- Choose with your ears and not your eyes. This is good to do with a friend. One of you can play while the other listens. Compare notes.
- What do some of your favorite guitarists have in common? I realized early on that I love the sound of Les Pauls and 335s with humbuckers. But, I’m sometimes required to emulate single-coil sounds. So, I split (or tap) the coils (more on this below).
Once you’ve chosen your new pickups and swapped the old for the new, you can stop there; i.e., if you’re achieving the tonal results that you wanted. And, I suggest living with this sound for a while.
But, if you’re still tone chasing, there are a couple of simple tricks you can do. The first trick is adjusting the pickup height.
The Growing Pains of Pickup Height
Like many of you, I never thought much about pickup height. I always figured that the techs at the factory knew what they were doing. That is, until I visited a brand-name factory—a story for another time. Then, I moved to South America and needed a guitar tech. I should’ve known better; today, I’ve got a great tech. But, finding him was tough, and expensive.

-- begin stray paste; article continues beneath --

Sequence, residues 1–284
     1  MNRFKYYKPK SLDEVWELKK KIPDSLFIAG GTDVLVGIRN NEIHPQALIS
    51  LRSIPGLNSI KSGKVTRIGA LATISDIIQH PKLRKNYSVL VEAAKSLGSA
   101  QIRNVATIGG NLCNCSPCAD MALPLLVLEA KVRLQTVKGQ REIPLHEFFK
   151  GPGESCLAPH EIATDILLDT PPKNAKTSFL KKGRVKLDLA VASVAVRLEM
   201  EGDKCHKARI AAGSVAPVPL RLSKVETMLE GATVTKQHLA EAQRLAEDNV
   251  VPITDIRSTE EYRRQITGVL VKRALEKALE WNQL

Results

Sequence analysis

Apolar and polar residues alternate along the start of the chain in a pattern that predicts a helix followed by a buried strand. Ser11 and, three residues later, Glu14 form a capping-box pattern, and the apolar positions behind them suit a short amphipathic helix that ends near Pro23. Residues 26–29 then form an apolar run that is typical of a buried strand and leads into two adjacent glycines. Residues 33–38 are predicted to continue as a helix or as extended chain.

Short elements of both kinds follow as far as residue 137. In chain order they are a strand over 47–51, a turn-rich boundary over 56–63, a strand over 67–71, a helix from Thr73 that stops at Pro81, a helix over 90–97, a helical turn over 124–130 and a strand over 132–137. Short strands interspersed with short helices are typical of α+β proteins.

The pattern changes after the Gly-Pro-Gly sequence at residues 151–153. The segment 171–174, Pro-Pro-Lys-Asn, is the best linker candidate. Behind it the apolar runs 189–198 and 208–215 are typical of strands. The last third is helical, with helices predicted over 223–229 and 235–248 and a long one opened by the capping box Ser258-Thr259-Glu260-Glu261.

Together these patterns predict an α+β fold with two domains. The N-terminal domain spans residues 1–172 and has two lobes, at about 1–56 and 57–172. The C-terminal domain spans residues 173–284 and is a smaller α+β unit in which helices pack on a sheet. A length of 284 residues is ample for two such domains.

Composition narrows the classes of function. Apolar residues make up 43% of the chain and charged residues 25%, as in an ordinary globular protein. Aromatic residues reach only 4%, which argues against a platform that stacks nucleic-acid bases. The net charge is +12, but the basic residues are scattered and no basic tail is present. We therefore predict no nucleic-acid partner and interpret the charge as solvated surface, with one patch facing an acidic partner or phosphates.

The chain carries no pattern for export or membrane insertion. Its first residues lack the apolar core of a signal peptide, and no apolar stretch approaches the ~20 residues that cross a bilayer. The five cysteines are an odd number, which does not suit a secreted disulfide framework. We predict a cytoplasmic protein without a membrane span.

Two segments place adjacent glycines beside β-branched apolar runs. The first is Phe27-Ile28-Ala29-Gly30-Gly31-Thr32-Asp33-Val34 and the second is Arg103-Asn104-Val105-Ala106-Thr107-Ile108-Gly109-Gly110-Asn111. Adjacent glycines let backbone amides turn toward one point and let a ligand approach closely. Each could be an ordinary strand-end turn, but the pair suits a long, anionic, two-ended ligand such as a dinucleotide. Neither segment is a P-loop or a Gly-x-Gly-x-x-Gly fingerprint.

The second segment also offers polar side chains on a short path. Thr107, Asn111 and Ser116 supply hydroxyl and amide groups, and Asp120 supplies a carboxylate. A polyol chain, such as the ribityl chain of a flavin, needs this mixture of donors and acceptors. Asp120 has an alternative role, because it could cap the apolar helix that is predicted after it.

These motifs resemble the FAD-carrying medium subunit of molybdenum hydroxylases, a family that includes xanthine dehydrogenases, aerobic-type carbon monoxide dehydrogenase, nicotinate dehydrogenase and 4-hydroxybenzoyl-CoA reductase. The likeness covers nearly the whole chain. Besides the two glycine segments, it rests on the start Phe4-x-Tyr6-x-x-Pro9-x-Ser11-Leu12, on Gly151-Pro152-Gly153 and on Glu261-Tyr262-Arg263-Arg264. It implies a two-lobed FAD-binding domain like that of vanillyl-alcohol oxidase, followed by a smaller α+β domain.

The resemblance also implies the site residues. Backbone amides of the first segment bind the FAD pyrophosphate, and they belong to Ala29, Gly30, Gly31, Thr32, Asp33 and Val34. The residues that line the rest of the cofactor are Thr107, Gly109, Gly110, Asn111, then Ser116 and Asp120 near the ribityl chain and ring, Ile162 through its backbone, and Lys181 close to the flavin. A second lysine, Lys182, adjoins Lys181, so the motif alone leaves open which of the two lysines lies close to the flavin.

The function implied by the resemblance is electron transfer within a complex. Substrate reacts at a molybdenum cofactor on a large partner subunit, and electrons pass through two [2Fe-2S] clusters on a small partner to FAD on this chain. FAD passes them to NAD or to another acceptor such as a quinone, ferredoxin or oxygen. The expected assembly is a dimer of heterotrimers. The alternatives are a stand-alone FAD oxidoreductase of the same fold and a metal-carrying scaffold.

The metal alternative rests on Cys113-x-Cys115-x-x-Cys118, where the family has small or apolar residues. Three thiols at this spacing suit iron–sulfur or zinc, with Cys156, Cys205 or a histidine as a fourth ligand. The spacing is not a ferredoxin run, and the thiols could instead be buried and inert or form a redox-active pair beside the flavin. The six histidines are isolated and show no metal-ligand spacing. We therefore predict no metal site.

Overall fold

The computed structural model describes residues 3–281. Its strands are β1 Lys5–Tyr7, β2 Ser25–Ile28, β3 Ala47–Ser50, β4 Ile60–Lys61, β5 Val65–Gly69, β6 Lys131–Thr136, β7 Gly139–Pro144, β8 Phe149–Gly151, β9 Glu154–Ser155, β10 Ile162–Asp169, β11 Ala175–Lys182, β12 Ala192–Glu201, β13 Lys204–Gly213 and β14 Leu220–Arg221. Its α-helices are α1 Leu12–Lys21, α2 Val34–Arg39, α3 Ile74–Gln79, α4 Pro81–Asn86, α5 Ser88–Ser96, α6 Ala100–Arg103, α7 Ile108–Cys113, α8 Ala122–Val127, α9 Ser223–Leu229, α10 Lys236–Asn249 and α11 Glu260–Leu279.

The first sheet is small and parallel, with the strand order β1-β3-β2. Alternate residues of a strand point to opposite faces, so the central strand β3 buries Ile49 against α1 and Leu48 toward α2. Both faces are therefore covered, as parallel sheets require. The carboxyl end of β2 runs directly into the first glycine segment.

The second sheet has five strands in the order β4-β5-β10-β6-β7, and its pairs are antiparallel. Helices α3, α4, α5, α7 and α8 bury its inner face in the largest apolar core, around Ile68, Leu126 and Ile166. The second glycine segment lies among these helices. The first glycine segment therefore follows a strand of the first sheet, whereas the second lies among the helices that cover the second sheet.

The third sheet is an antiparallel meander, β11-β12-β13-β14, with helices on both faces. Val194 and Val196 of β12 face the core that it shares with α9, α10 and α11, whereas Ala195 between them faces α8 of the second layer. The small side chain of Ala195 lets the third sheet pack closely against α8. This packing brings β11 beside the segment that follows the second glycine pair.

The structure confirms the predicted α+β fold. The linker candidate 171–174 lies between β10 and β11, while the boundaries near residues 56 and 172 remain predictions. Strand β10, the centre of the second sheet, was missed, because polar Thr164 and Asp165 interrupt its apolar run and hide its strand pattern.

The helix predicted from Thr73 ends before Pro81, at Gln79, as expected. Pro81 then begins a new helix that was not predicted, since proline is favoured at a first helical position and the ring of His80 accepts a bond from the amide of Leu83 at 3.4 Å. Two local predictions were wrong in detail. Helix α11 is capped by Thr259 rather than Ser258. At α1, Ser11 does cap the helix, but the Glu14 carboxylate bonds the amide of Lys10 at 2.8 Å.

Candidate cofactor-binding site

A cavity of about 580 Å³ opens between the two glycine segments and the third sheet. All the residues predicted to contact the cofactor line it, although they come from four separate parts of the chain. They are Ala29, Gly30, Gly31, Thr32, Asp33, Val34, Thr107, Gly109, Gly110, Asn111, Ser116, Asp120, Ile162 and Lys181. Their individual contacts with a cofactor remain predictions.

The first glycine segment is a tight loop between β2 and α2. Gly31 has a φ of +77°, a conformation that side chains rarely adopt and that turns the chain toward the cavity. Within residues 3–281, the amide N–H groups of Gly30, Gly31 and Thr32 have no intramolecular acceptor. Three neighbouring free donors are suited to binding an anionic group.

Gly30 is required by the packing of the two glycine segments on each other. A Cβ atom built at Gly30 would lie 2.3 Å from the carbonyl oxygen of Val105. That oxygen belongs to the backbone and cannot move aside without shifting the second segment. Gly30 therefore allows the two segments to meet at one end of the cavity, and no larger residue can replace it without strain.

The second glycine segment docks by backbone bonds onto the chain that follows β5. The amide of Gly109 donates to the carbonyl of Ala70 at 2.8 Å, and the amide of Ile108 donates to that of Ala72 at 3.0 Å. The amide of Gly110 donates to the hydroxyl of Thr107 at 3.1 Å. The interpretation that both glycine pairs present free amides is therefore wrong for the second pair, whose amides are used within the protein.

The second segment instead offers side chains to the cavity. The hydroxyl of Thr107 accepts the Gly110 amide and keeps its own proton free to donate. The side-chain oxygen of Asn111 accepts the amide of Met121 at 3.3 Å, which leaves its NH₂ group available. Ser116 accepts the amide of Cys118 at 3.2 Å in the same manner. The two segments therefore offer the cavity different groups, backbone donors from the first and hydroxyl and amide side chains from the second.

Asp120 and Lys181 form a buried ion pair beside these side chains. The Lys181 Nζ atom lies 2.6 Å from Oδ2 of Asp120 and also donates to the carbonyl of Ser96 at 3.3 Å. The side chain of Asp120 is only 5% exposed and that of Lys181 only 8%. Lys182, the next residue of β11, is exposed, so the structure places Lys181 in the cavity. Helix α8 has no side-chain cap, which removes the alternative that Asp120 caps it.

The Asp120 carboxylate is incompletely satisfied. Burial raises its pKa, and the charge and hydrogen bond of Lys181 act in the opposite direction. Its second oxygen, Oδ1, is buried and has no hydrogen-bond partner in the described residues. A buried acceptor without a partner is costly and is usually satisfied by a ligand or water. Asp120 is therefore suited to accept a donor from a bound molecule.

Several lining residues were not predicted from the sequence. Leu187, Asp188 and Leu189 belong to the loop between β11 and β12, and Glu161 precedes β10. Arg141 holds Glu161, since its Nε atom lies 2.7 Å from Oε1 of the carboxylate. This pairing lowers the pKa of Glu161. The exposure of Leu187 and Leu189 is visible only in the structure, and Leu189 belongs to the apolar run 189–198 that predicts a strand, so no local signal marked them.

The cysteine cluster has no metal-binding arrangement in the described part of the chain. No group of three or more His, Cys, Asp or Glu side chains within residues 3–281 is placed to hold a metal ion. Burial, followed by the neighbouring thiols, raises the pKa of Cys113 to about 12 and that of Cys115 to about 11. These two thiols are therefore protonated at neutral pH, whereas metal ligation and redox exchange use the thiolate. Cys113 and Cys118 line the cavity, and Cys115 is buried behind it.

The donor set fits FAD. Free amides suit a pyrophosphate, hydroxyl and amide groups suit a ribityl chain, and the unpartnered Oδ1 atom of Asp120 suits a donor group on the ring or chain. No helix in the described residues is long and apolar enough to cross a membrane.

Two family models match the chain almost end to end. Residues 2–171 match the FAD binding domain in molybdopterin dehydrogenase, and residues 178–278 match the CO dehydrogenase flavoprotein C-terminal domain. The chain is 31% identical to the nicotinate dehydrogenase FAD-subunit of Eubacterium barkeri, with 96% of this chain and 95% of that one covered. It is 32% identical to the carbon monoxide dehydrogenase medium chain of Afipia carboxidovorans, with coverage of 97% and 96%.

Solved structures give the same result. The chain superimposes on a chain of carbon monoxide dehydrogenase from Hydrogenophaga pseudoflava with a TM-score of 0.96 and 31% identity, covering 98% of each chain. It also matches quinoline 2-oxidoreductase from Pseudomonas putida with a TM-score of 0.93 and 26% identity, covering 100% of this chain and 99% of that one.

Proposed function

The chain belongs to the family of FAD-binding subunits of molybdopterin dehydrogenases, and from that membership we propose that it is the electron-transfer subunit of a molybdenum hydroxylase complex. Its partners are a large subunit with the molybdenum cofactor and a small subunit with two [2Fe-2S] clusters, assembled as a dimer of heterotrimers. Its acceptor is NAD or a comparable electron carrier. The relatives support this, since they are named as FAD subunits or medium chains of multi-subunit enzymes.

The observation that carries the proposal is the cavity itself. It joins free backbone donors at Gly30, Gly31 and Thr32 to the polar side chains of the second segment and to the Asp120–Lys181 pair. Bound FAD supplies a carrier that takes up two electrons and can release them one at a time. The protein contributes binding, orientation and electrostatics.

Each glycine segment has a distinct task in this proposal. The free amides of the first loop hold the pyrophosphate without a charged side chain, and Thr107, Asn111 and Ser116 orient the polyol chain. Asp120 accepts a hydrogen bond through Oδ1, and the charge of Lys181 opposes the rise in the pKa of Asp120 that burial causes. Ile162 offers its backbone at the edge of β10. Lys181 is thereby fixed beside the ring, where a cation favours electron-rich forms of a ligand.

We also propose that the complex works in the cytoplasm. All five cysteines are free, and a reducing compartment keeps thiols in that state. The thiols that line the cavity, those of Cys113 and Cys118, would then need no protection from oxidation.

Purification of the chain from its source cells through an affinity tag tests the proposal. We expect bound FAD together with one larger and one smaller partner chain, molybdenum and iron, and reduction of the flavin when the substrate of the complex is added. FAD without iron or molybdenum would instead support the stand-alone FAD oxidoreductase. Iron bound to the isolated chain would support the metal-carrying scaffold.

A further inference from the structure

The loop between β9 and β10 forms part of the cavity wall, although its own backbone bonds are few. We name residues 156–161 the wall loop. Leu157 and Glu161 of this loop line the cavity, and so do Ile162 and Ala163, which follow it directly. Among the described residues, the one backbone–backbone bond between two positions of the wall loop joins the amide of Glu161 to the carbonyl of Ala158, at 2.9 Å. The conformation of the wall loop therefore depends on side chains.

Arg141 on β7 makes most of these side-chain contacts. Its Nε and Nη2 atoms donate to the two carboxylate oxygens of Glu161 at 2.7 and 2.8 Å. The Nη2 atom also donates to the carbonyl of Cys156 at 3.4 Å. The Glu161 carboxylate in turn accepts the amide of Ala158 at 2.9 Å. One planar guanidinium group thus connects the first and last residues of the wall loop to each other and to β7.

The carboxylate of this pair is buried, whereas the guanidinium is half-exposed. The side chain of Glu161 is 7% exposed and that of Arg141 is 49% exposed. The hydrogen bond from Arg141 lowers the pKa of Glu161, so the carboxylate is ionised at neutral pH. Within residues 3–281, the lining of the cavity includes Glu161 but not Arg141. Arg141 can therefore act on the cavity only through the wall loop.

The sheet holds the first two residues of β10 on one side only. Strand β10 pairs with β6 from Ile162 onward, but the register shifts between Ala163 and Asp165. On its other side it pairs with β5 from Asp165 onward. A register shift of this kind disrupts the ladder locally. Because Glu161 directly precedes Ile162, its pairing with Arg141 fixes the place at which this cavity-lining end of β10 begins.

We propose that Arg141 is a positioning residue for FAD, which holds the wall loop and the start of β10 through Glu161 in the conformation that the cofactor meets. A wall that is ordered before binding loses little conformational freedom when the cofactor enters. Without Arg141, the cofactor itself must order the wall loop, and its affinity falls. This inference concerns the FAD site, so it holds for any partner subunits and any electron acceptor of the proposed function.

I entrusted the Bad Tech Boy with my Les Paul, and when I got it back, the pickups were practically touching the strings. I have to add that he proudly pointed that “feature” out. But, the pickups, being that close to the strings, caused the magnet-to-string ratio to overload. And the magnetic pull was too much for the strings. Resulting in no sustain or definition, and the tone was horrible.
I was livid. I grabbed my guitar and told Bad Tech Boy I wouldn’t pay him. He was very apologetic and offered to do all he could to fix it. But I wasn’t having any of it. I went home and called my old tech in New York.
He told me to relax and added that this was an easy fix. He advised me to get a machinist’s (steel) ruler and a small screwdriver. Next, he texted the following settings:
- Stratocaster Pickup Height: bass side, 2mm; treble side, 1.6 mm.
- Humbucker Pickup Height: bass side, 2.4mm; treble side, 2.4mm.
- P90 Pickup Height: bass side, 1.6mm; treble side, 1.6mm.
I adjusted my pickups to the factory standard. Then, I played, listened, and adjusted the pickup heights. I fine-tuned the pickup heights using my ears and was pleased with the results.
In the end, the Bad Tech Boy did me a favor. I ended up adjusting the pickup heights on all of my guitars.
Tap It or Split It: I’m Talking Coils